Following the War of 1812, which ended in 1815 and in which both the U.S. and Canada repulsed the invading forces of the other, there remained concern in Canada of a potential invasion by U.S. forces. A particular worry was that the U.S. might gain control of the St. Lawrence River and block supply routes from Lake Ontario to Montreal at the confluence of the Ottawa River with the St. Lawrence.

To alleviate lingering concerns, in 1826 England sent Lieutenant Colonel John By of the Royal Engineers to supervise construction of a canal linking the docks at Kingston, where Lake Ontario spills out as the St. Lawrence River, with the Ottawa River at the city of Ottawa, thus providing an alternative shipping route to Montreal, which is downriver from Ottawa. The Rideau Canal opened in 1832, named for the Rideau River that the canal uses as it approaches Ottawa, which in turn apparently got its name from the twin waterfalls of the Rideau where it joins the Ottawa River. The French rideau translates to “curtain,” reflecting the appearance of the spilling water.

Rideau Falls

From Kingston, the route heads up the Cataraqui River system until at Kingston Mills a spread of locks begins, fourteen in all, that lifts boats onto the Frontenac Arch. Working its way through the lakes of the Arch, the canal reaches its highest elevation on Upper Rideau Lake near Newboro. Rideau Canal then descends through the Rideau Lakes and the Rideau River, this time with the aide of thirty-one locks, to pass through Ottawa and join the Ottawa River.

Lock on the Rideau Canal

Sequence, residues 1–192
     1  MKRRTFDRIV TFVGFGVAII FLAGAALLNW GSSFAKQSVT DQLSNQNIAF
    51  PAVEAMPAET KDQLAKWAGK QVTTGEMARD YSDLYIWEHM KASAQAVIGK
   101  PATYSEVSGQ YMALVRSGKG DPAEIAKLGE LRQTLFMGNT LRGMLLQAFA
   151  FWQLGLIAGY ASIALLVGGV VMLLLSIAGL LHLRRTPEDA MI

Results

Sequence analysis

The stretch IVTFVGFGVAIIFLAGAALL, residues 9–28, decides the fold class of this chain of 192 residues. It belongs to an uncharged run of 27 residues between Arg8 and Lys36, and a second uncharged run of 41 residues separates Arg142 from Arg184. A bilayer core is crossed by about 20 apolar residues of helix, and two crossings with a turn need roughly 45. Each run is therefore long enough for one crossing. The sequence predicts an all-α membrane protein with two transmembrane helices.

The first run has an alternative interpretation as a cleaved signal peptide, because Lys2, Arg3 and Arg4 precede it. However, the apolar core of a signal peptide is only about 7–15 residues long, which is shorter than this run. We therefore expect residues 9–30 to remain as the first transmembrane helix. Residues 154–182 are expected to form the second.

Intended as a military supply route in case of an invasion that never happened, the canal soon became a route for commercial shipping, especially in the early years when the canal was an easier shipping route than the St. Lawrence River. However, with the completion of the St. Lawrence canaland lock system and with railway construction, the Rideau lost its appeal as a shipping lane. In more recent times, Parks Canada maintains and operates the canal for recreational boating. Still with most of its original structures intact, including twenty-three lock stations, the canal offers a unique historical experience, with lockmasters continuing to operate the lock gates by hand cranks.

At Upper Brewers Lock, I talk with a couple from Ohio in a small boat as they glide into the lock from the upper level. They grab drop cables along the wall to hold the boat in place as the water is displaced. The couple says they come every year or two for a few days of boating on the Rideau Canal. Lockage and mooring permits required; camping permitted at most lock stations. We started chatting at eye level as lockmaster and assistant opened valves to drain the water and began cranking away on the hand winch, called a “crab,” that opened the lock gates. At this station, it’s a “push-bar crab system” in which a long bar attached to the top of the gates is pushed by the cranking to open and close them.

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Push-Bar Crab System

By the time the water reaches a level with the next waterway ahead, I’m looking ten feet down to maintain eye contact. Soon the couple is on their way, headed for Cranberry Lake, while the two men winch the gates closed in the boat’s wake.

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Swing-Bar Crab for Opening Lock Gate

As the canal approaches Ottawa, the canal and river diverge, with the river to the right following its original course to spill in curtains of water into the Ottawa. The double channels provide a wonderful setting for the city. Wife, Sondra, and I wandered through the parks, greenways, and gardens along the Rideau Canal on our exploration of the canal’s approach to Ottawa.

Greenway along Rideau Canal in Ottawa

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